Industrial infrastructure development affects Arctic local livelihoods, in particular traditional ways of living such as reindeer husbandry, and nature-based tourism supply. Carnivore protection requirements bring forth further challenges. Thereby, important questions of justice are, how the land and waters should be used, by whom, or who owns the right to use the natural resources, and for what purposes. Case studies of the JUSTNORTH Work Package 4 examined the Arctic railway plans (CS13), mining (CS14), and wind farm (CS16) development, as well as salmon fishing, reindeer husbandry, and nature-based tourism (CS15) in Finnish Lapland. Carnivore governance affecting reindeer husbandry in Sweden was studied in the CS18. 

    The distribution of social and economic benefits and negative environmental impacts are experienced and perceived differently among those most affected by the development, the local people. This requires special attention from planners and decision-makers to ensure distributive and procedural justice in environmental governance. The WP4 used a values-based approach to study multiple land-use interests and value conflicts and to identify mechanisms to reconcile these. A very common value conflict between different stakeholders was of a procedural nature. The power of industrial development over the voices of local people in land use governance has led to injustices and even violations of Indigenous and human rights.

    The reconciliation of multiple land-use requires an understanding of the diverse ethical grounds based on the values and preferences of local people, the economic, socio-cultural and spatial requirements of the different livelihoods, and a law that holistically considers these. The engagement of local communities in equal and transparent environmental planning processes is the cornerstone of just environmental governance.

  • unfold_moreLived experience of energy and transport poverty in Iceland

    Paul Upham
    Sussex University/University of Groningen


    The concept of ‘just transitions’ holds that sociotechnical change should not be achieved at the expense of vulnerable social groups. Here we take the case of a country with a high level of primary energy share that is renewable – Iceland – as well as high living standards, showing how energy and transport poverty are both possible and precariously experienced. Although Iceland performs well in OECD terms with respect to the Gini index of income inequality, poverty is nonetheless systemically present. While the percentage of the population in poverty is small, for those individuals, the experience shapes their lives. Focusing on energy and transport poverty, we draw together analysis of Statistics Iceland data; focus groups with representative members of the Icelandic public; and interviews with people self-identifying as either having a disability or experiencing poverty. We take disability as an exemplar case of a vulnerable group. While none of our interviewees had experienced loss of access to heat in the home, some had experienced deliberate disconnection by power companies. All interviewees experienced transport-related difficulties in terms of cost or access, and the focus group participants provide details on the mixed experience of the more typical Icelander via a vis transport. The Icelandic case illustrates how welfare state benefit design and the general cost of living impact individuals’ lived experience of transport and energy use in the home, despite energy supply being low carbon. We discuss corresponding policy and research implications. (Draws on work with Benjamin Sovacool and Chukwuka Monyei).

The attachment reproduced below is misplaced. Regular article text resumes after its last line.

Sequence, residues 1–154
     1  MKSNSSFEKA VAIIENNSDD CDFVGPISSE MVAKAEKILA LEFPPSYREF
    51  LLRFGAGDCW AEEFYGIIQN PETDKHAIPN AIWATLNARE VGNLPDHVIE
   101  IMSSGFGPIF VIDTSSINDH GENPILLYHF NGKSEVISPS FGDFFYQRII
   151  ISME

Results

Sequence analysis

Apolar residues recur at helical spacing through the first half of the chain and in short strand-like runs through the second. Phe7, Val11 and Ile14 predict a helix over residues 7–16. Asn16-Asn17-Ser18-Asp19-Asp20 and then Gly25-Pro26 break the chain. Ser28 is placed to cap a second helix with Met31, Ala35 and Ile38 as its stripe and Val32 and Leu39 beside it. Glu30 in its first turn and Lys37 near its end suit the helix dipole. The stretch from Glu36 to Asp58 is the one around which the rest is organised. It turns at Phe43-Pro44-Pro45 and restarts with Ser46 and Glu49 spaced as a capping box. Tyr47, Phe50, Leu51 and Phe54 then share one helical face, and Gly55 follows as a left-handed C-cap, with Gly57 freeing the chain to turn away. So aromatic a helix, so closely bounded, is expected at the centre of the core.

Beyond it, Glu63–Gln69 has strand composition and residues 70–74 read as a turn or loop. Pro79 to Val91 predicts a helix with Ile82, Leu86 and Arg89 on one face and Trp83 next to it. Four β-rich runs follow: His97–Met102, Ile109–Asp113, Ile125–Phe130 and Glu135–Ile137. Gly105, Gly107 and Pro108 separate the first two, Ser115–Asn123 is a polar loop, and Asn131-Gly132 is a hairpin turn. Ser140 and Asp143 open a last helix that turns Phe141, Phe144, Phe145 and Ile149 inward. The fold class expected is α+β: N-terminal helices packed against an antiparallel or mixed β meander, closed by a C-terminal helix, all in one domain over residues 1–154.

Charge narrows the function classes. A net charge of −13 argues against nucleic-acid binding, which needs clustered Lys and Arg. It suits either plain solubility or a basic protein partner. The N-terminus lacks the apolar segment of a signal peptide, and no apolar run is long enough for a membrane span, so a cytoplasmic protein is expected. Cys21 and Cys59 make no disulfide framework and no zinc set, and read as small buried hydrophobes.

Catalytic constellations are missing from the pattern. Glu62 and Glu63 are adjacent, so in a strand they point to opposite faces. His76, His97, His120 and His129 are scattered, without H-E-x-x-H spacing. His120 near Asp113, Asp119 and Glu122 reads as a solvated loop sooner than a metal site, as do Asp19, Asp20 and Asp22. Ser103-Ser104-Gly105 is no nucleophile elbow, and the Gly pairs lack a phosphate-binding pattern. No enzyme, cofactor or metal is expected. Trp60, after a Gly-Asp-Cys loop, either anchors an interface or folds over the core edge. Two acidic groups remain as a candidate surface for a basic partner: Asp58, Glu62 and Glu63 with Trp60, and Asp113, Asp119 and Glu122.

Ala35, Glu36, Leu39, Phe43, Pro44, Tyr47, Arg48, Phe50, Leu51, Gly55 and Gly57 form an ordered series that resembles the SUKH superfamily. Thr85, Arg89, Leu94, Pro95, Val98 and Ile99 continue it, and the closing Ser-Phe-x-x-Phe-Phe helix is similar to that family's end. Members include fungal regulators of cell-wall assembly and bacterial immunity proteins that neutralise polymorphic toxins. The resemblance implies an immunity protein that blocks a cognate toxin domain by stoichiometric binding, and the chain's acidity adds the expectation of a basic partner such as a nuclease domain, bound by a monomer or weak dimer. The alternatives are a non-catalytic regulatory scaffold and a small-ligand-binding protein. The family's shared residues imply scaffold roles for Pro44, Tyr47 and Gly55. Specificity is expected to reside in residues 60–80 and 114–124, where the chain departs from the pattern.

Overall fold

• unfold_moreFor the love of land: Energy, wind power and justice in Sápmi and Northern Norway

    Ragnhild Freng Dale
    Western Norway Research Institute


  • unfold_moreResonating with Values for Socio-Ecological Transitions: Marine Planning, Whales and Tourism in Northern Iceland

    Jade Zoghbi
    Universitat Autònoma de Barcelona


    The Arctic oceanic space is valued by multiple users and for various purposes - among them, marine spaces are biodiversity habitats, a site for scientific exploration, an integral part of life for coastal communities, and a lucrative space for industrial developments. All these dynamics and their respective pressures manifest in Northeast Iceland. Home to the coastal inhabitants of Húsavík and the bay of Skjálfandi, the town, once primarily a fishing community, is the self-proclaimed whale-watching capital of Europe attracting thousands of tourists annually to experience the beauty of charismatic megafauna. With increasing accessibility to the country and indicative ambitions to diversify the local economy, new challenges arise for management of the marine tourism sector and emerging industries to cope with accelerated change and the momentous trajectory of growth.